Escape Timeline

Gonzalo Lopez Escape Timeline
Gonzalo Lopez Escape Timeline(KBTX)
Published: Dec. 23, 2022 at 5:14 PM CST
Email This Link
Share on Pinterest
Share on LinkedIn

CENTERVILLE, Texas (KBTX) - On May 12, Gonzalo Lopez, a cartel hitman and convicted killer, escaped from a Texas Department of Criminal Justice transport near Centerville, Texas. Lopez was being transported from his cell at Gatesville’s Hughes Unit to Huntsville’s Estelle Unit for a doctor’s appointment.

An independent review shows the three-week search that followed was characterized by chaos and confusion. Ultimately, a family of five was murdered and Lopez was killed in a shoot-out with law enforcement several hours later.

More than six months after the tragedy, TDCJ’s own report and outside reports say critical staffing shortages, a reckless disregard for security procedures, and a lack of oversight from supervisors are to blame.

In the month prior to the escape, 43% of the Hughes Unit correctional officer positions were vacant, almost 236 positions out of almost 548, according to a report by criminal justice consulting firm CGL Companies. The report states that the vacancy rate actually ”understates the seriousness of the issue at the facility.”

From an outside perspective, the hours leading up to Lopez’s escape on May 12 may seem like any other day at the Hughes Unit in Gatesville. Still, a closer look at each step TDCJ officers took to prepare Lopez for a medical appointment transport showed blatant disregard for security procedures on top of those severe staffing shortages.

On the day of Lopez’s escape, 40% of the Priority 1 posts, positions needed to meet the basic security and operational needs of the unit’s restrictive housing roster, were unfilled.

The day began at 12:48 a.m. when Officer Randall Smith droped two red transport bags at Lopez’s cell to pack his personal property. About 40 minutes later, Smith and Officer Bernard Guishard let Lopez out his cell, violating TDCJ policy that requires all restrictive housing inmates be strip searched before being allowed out of their cell. They also did not place hand restraints on him, another violation.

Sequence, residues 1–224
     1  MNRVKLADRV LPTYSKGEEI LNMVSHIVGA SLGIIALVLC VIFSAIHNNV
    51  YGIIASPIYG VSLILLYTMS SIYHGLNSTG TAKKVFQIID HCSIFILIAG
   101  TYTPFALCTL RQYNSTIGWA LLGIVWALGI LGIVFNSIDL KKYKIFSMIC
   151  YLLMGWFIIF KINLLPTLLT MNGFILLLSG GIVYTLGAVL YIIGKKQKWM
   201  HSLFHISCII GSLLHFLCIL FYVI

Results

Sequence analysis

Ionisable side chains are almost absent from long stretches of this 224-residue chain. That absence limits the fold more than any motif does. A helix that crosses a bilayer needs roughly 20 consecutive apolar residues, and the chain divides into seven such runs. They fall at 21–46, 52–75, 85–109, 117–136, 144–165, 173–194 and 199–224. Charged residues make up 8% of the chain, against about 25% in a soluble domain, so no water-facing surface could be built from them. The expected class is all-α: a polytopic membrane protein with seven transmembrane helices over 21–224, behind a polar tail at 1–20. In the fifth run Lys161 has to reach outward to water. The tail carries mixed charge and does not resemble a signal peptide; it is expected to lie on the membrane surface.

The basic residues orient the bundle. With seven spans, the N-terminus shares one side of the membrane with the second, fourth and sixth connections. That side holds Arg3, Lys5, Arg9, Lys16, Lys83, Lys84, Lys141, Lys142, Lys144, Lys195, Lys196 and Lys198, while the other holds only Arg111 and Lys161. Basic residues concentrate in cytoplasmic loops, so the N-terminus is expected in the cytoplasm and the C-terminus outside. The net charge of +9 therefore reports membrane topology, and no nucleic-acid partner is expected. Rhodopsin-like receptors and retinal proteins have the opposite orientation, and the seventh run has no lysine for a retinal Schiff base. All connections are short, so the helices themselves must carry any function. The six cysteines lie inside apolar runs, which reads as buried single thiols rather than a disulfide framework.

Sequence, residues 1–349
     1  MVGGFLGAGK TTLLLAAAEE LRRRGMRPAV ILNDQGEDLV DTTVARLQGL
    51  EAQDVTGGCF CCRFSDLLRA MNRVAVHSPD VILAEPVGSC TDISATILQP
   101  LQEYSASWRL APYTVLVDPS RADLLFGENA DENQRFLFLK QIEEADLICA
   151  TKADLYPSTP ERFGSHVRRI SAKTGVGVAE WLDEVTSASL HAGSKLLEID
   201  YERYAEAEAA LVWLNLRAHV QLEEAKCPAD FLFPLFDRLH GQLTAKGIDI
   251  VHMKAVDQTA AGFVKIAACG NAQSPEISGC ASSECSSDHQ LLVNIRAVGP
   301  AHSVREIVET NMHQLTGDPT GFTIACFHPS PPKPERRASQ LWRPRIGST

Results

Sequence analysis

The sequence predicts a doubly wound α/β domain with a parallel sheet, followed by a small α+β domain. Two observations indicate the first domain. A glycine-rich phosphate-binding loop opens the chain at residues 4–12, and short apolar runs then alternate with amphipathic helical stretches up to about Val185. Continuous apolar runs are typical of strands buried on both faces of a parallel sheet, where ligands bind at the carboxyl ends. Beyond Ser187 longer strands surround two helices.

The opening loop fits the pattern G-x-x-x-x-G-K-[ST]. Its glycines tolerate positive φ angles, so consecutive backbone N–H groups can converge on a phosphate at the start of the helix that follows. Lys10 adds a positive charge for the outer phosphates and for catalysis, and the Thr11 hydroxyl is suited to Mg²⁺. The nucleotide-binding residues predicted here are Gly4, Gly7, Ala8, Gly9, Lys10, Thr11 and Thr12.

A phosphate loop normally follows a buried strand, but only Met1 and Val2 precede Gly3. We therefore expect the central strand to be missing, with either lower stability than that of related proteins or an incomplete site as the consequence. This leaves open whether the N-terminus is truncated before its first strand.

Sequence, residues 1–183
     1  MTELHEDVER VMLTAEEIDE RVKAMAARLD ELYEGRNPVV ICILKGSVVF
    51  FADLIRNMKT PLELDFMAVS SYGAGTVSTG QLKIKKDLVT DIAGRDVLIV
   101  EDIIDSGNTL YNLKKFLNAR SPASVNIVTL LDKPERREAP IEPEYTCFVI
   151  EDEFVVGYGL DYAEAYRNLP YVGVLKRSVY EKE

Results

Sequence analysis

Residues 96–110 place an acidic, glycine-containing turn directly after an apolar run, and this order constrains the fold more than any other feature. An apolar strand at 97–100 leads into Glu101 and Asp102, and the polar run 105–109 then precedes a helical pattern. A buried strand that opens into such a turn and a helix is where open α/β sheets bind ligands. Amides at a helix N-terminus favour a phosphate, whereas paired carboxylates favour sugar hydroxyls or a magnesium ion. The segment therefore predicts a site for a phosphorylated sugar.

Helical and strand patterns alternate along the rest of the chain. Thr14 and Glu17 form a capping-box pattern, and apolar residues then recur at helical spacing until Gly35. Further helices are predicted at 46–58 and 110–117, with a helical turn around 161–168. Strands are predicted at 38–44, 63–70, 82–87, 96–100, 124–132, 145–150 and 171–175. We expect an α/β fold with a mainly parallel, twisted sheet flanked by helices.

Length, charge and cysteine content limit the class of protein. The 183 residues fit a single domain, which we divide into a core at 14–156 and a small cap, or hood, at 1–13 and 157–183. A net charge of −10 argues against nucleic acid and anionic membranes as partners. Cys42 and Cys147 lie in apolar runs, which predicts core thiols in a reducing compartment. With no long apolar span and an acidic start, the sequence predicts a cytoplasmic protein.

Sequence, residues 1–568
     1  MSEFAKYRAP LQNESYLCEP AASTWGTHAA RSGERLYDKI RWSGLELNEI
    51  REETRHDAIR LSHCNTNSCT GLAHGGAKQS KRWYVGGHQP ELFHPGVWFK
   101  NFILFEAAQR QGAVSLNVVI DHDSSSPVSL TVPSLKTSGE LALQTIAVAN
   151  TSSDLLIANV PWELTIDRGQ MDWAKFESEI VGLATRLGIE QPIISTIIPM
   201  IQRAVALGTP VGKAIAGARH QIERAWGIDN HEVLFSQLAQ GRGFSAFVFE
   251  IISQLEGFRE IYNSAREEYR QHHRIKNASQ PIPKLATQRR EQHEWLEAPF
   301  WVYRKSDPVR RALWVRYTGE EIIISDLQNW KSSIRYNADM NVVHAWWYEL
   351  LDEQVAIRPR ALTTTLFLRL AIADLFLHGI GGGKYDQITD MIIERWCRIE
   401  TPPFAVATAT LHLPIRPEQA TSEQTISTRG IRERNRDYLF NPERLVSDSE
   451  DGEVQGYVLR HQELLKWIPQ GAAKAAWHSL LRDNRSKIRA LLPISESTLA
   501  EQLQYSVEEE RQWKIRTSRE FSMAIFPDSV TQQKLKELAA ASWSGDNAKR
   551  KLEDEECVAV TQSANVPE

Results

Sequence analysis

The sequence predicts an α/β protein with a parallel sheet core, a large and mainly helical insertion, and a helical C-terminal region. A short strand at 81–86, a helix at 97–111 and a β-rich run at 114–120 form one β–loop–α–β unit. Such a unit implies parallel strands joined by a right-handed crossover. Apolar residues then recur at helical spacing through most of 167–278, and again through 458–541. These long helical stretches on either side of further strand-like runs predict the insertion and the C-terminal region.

Lopez handed Smith his bag of personal property and “apparently at the request of inmate Lopez,” walked to another inmate’s cell and droped the bag. According to TDCJ, transferring property between inmates is considered trafficking. The bag with Lopez’s personal property was also never searched, another violation.

At 2:05 a.m., Officer Joshua Watson eventually passed the bag into the inmate’s cell without searching the property, another act of trafficking.

Shortly after 9:30 a.m., Officers Gerardo Vasquez and Dillon Miller went to Lopez’s cell and started a strip search, but surveillance video shows both officers looked away and did not thoroughly search his clothes, yet again, another policy violation.

Velasquez then put hand restraints on Lopez. The inmate left his cell, carrying his mattress and blanket behind him. He droped these items in front of another inmate’s cell, in violation of TDCJ policy, as he was escorted to another room.

Just before 10:20 a.m., Officers Jimmie Brinegar and Miller arrived at the small room and started another strip search of the inmate. Once again, the strip search was not done properly, as Brinegar did not require Lopez to complete all steps properly and his clothing was not searched thoroughly.

Reports say that if just one of the several strip searches that happened that day were completed correctly, the rest of the day’s events could have been prevented.

Brinegar then put hand restraints with a cuff protector on Lopez. Cuff protectors block inmates from “manipulating the hand restraints” and from having access to the keyhole.

Next, leg restraints were put over Lopez’s pantleg, which allowed them to fit loosely around his leg.

Officers started to lead Lopez to the TDCJ bus but failed to sit Lopez on the Body Orifice Security Scanner or “BOSS Chair,” which is designed to quickly detect any metal within body cavities. TDCJ policy requires all restrictive housing inmates to be scanned in the BOSS chair before they are placed on a transport. Reports say this action would have taken less than a minute.

Lopez is eventually placed in the restrictive housing compartment of the bus, where he and other inmates were left without supervision for an extended period of time, a TDCJ policy violation.

At 11:11 a.m., the bus left Gatesville’s Hughes Unit for Huntsville’s Estelle Unit. Officer Randy Smith drove the bus while Officer Brinegar served as the rear compartment officer to watch over the inmates.